Stefan Behnel | 30 May 09:28 2015
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PEP 492 implemented (async/await)

Hi,

I invested a couple of days implementing PEP 492 in Cython.

https://www.python.org/dev/peps/pep-0492/

It turned out nicely, so it's now merged into master to become part of
Cython 0.23. I also spent some time testing and debugging it against Python
3.5 so that Yury Selivanov could adapt their side for interoperability. The
second beta of 3.5 will be released tomorrow and it should "just work".
Testing is very welcome.

Note that the language feature is available in Cython for all Python
versions (2.6+), but usage from Python code with async/await is obviously
limited to Python 3.5 where this syntax is available. My guess is that one
of the next asyncio (and trollius) backport package releases will add
support as well, so that you could run Cython coroutines on top of asyncio
also in older Python releases. It's mostly about dropping some explicit
type checks here and there or replacing them with ABC isinstance checks.

Have fun,

Stefan

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(Continue reading)

Antony Lee | 29 May 10:01 2015
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boundscheck=True faster than boundscheck=False

Consider the following minimal example:

#cython: language_level=3, boundscheck=False, wraparound=False, initializedcheck=False, cdivision=True
cimport cython
from libc.stdlib cimport malloc

def main(size_t ni, size_t nt, size_t nx):
    cdef:
        size_t i, j, t, x, y
        double[:, :, ::1] a = <double[:ni, :ni, :nx]>malloc(ni * ni * nx * sizeof(double))
        double[:, :, ::1] b = <double[:nt, :ni, :nx]>malloc(nt * ni * nx * sizeof(double))
        size_t[:, :, ::1] best = <size_t[:nt, :ni, :nx]>malloc(nt * ni * nx * sizeof(size_t))
        size_t mxi
        double s, mxs
    for t in range(nt):
        for j in range(ni):
            for y in range(nx): # this loops does nothing but is needed for the effect below.
                mxs = -1e300
                for i in range(ni):
                    for x in range(nx):
                        with cython.boundscheck(False): # Faster!?!?
                            s = b[t, i, x] + a[i, j, x]
                        if s >= mxs:
                            mxs = s
                            mxi = i
                best[t + 1, j, y] = mxi
    return best[0, 0, 0]

essentially summing two 2D arrays along some specific axes and finding the maximizing index along another axis.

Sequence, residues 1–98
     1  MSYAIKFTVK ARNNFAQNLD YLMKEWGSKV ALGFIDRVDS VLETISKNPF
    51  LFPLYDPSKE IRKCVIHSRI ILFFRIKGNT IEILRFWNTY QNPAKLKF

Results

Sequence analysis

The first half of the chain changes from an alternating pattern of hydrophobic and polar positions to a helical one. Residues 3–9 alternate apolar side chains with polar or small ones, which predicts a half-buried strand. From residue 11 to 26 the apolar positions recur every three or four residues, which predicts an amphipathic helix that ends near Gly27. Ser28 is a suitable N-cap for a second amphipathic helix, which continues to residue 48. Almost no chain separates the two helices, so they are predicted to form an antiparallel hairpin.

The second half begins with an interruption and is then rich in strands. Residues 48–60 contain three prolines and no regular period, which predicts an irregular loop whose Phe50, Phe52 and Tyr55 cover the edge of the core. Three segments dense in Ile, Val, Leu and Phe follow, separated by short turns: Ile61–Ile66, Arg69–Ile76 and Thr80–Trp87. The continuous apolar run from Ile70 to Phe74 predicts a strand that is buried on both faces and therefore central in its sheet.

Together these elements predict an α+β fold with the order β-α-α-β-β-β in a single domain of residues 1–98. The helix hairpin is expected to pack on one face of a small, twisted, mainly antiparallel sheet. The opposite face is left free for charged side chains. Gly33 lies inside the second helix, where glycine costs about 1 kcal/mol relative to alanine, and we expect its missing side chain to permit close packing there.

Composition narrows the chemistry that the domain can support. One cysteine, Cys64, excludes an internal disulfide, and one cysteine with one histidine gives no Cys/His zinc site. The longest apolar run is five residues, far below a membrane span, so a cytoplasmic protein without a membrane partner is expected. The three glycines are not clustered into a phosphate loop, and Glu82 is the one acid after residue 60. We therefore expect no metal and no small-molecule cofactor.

When compiled with gcc -O3 and called with the arguments (1, 2000, 2000), adding the boundscheck=True results in a twice faster execution than when boundscheck=False.

Any hint of why this would be the case?  (Well, I can probably guess this has again to do with GCC autovectorization...)

Thanks in advance,

Antony

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Jeff Reback | 29 May 01:26 2015
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PERF with inline gil released functions

I am working on releasing the GIL for a lot of pandas cython extensions (see here) and ran into this odd performance case:

Turns out that if I am calling a nogil function that has a with gil: block inside it the function has wrapper code generated to save the gil state. However
if I inline this exact same code then this code is NOT generated.

So I create an extension class and several functions. Perf is below, and the cython -a relevant section. Is this expected? 


# extensions.pyx


cimport cython


cdef
class A:


    cdef
:
        size_t n

   
def __cinit__(self):
       
self.n = 0

    cdef
inline void incr(self) nogil:
       
if self.n % 2 == 0:
           
with gil:
               
pass
       
self.n += 1


cdef
class B:


   
def run_inline(self):
        cdef
:
            A a
= A()
            size_t i
       
with nogil:
           
for i in range(10000):
               
if a.n % 2 == 0:
                   
with gil:
                       
pass
                a
.n += 1


   
def run_func(self):
        cdef
:
            A a
= A()
            size_t i
       
with nogil:
           
for i in range(10000):
                a
.incr()



# extension.py
import pyximport
pyximport
.install()
import extensions




And perf


In [3]: import extension


In [4]: b = extension.extensions.B()


In [5]: %timeit b.run_inline()
1000 loops, best of 3: 1.62 ms per loop


In [6]: %timeit b.run_func()
100 loops, best of 3: 8.14 ms per loop





# cython -a extensions.pyx

+11: cdef inline void incr(self) nogil:
static CYTHON_INLINE void __pyx_f_10extensions_1A_incr(struct __pyx_obj_10extensions_A *__pyx_v_self) {